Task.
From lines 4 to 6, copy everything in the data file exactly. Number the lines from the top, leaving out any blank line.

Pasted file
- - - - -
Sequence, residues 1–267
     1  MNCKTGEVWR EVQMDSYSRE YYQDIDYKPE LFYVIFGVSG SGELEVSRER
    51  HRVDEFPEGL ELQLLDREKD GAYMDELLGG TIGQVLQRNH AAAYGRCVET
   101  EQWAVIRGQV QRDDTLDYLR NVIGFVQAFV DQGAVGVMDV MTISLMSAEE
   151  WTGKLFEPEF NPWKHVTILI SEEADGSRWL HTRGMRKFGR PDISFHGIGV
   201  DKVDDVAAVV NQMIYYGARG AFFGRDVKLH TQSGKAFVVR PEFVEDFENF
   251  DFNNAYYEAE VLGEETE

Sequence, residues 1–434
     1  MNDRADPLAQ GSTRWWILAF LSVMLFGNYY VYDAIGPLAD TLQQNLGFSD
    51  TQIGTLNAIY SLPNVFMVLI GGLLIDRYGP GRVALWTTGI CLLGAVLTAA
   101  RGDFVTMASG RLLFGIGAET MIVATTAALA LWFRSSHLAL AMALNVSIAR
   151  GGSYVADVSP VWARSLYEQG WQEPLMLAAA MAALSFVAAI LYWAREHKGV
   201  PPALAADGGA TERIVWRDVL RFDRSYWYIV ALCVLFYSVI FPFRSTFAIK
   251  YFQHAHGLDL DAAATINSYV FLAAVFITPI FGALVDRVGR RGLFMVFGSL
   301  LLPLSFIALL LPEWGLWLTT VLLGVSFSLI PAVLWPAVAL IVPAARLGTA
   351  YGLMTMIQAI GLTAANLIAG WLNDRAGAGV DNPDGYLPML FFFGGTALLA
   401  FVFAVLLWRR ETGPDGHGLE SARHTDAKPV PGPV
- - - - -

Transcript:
   101  EQWAVIRGQV QRDDTLDYLR NVIGFVQAFV DQGAVGVMDV MTISLMSAEE
   151  WTGKLFEPEF NPWKHVTILI SEEADGSRWL HTRGMRKFGR PDISFHGIGV
   201  DKVDDVAAVV NQMIYYGARG AFFGRDVKLH TQSGKAFVVR PEFVEDFENF